There’s a popular notion in Keynesian economic theory known as “The Paradox of Thrift (or Saving).” Since Keynesian economics focuses on Gross Domestic Product (GDP) — which is, frankly, a measurement of spending — saving money is paradoxical because it lowers GDP due to consumers not spending it.
The reason why economists care so much about GDP is because it’s an important indicator of where the economy is in a business cycle (boom or bust). When GDP constantly drops for a period of time, this is known as a recession. How exactly does saving money help shorten a recession?
Believe it or not, most people can start saving money with just one penny. The intuition is similar to Couch to 5K: Start with an insanely small amount and work your way up. Instead of nine weeks, this entire activity will take you a year to complete. If you follow the goals that I set for you, you will have saved over $1,700! The secret is simple: Literally start saving with just a penny. Continue reading →
There are a lot of arguments as to why people should live on campus. There are no utility bills to pay for, a meal plan, and you’re right there on campus so it takes a few minutes to get to class. At the University of Oregon (UO), the least expensive option that one has a chance of getting in to is over $11,000 per academic year. That’s over $1,200 per month and then there’s a fee to stay over winter break. There’s gotta be a better way to do this. You know what? There is!
Saving money by shopping? There’s no way! Actually, there really is a way to do it. It’s just by doing simple price comparisons. Everybody knows that name-brand products tend to be better. At least, that’s what we tend to think. In some cases, they’re similar if not exactly the same as house-brand or knockoff items.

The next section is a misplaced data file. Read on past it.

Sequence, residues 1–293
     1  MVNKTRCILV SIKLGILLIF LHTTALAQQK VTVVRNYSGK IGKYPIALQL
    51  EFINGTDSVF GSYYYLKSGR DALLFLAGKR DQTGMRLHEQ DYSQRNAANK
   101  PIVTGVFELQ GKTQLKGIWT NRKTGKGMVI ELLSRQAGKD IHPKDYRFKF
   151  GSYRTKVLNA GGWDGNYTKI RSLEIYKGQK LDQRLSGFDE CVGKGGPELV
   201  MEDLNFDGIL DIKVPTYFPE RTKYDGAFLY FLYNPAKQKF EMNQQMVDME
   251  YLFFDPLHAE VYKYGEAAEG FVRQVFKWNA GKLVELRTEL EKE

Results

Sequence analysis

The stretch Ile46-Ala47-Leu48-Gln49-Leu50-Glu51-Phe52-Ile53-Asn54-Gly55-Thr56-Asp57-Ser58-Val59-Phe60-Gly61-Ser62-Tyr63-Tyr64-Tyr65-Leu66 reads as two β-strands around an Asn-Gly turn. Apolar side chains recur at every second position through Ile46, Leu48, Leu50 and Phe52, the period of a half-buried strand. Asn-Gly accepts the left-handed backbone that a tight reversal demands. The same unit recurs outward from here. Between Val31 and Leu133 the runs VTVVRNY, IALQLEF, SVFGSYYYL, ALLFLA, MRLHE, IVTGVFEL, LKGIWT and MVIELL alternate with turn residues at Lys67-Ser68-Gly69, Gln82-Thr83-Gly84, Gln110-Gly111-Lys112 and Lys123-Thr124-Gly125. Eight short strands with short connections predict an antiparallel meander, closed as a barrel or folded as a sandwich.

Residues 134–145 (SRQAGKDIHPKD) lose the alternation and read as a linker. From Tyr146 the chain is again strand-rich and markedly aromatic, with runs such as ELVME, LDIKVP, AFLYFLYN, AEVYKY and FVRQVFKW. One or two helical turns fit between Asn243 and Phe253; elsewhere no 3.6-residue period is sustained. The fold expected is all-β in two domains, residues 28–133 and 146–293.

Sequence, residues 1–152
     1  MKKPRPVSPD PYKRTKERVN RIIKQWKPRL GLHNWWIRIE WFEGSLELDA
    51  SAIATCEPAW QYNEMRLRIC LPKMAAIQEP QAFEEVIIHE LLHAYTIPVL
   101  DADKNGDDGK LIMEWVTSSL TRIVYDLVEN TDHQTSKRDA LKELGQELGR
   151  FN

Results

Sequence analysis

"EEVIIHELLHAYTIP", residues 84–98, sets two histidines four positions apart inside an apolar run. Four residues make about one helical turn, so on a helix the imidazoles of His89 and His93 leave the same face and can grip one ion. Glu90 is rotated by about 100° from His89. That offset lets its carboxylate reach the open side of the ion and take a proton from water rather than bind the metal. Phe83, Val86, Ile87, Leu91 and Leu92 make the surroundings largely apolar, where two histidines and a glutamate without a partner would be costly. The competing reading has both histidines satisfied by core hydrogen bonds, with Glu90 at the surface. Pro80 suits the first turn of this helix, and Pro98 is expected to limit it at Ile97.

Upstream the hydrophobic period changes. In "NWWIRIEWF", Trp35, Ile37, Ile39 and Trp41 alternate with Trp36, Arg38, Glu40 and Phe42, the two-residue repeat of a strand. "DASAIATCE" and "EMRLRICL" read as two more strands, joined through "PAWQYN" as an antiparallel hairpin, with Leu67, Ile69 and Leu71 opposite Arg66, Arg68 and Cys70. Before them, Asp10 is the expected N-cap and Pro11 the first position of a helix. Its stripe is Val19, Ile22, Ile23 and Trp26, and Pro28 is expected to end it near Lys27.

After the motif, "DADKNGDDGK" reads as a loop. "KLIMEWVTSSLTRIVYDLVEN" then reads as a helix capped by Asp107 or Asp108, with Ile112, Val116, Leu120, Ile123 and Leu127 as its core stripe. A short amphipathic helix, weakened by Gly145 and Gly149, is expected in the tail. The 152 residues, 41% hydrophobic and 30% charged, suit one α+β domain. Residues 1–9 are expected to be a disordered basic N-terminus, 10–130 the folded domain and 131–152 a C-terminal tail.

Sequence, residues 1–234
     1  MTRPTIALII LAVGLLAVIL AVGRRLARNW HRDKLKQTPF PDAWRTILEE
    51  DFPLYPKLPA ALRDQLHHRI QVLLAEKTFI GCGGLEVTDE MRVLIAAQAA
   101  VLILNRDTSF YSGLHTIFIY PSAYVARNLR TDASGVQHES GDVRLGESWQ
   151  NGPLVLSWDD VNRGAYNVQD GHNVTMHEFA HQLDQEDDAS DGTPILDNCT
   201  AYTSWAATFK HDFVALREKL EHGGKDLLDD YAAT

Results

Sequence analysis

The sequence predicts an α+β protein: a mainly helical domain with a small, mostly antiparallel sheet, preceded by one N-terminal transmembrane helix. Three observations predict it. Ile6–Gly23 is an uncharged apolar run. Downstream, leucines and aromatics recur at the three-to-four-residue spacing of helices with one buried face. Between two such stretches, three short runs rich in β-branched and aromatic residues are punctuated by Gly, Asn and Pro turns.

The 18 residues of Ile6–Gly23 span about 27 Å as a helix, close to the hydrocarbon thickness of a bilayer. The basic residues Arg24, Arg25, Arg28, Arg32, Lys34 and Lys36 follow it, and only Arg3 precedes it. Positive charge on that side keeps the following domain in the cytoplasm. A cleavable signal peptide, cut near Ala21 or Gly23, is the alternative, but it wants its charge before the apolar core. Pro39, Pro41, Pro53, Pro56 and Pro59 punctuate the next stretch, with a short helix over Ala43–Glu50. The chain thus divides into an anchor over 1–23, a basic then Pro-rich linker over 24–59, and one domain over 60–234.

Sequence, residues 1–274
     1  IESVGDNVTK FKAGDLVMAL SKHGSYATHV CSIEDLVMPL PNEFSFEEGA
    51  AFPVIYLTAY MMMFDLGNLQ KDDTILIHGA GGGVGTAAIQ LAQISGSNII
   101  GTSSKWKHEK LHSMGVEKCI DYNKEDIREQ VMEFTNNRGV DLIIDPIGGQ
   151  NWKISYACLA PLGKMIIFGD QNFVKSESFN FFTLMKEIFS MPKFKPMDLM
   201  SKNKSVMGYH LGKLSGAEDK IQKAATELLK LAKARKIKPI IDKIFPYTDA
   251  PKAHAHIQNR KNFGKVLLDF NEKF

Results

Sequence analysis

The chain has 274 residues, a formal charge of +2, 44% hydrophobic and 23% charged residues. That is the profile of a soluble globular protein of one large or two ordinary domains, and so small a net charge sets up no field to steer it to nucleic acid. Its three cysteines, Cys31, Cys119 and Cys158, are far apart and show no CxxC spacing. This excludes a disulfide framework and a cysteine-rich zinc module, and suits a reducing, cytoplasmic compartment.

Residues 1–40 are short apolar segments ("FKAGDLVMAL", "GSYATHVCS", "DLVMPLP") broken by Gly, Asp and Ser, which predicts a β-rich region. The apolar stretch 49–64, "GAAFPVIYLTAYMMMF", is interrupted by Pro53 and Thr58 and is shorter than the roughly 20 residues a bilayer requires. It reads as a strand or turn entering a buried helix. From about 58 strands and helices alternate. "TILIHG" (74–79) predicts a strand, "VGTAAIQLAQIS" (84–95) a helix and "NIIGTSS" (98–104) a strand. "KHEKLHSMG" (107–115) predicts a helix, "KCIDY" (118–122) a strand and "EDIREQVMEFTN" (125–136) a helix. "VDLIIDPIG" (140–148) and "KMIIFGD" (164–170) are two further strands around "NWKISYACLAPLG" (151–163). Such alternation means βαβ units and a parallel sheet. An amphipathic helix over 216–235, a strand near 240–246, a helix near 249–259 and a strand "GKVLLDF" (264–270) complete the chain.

Let’s take a quick trip to the grocery store and see what I would save by switching three common household items bought at the grocery store!
When it comes to saving money, there are many ways people have thought of to stretch their budget. Some use coupons, others use thrift stores, others go to dollar stores. While I, too buy a lot of things from the dollar store, there are many things that you should avoid like the plague. They always seem like a good buy, but trust me, they’re not. There are also a lot of things that are actually a pretty good deal from the dollar store as well.
Recently, I wrote an article about saving money. While the tips I gave in that article were mainly good for those who have just graduated from college, I decided that I should write about savings techniques for many of us. That is, those who are still in college. We scrimp. We save. No matter what we do, it always seems like we can’t save any money for anything we want or need. This may seem true, but I assure you that at least one of these tips will be helpful.
Often times, we will need to make a purchase and will want to pay as little money as possible. Our families sometimes teach us different skills when it comes to looking for good deals. One known tactic by grocery stores is to put the more expensive items on the shelf that is either most convenient or eye-level. Even though we learn many ways to find ourselves a really good deal, we need to ask ourselves deep down inside: Is this really a good deal? Below are some things that we tend to overlook and wind up either overpaying for or are discontent with what we bought. Whether it’s an oil change or a car, this is a good read. Continue reading →
I was thinking about gas prices and how they’ve just been soaring and fluctuating for no apparent reason and it’s getting annoying. One conclusion that I came to not too long ago was a thought about something else in the form of a question: How are many people able to go to college? No, I’m not proposing loans for gas. I think that we should consider an induced competition.
Many people would want to know if there’s going to be a new tax. I will be the first to say that there should not be a new tax to help cover this. Domestic drilling. Many people have already thought of this, but did they consider the possibility of the government stepping in and owning an oil well or two? I don’t think so. There are many potential positives from this kind of help. Continue reading →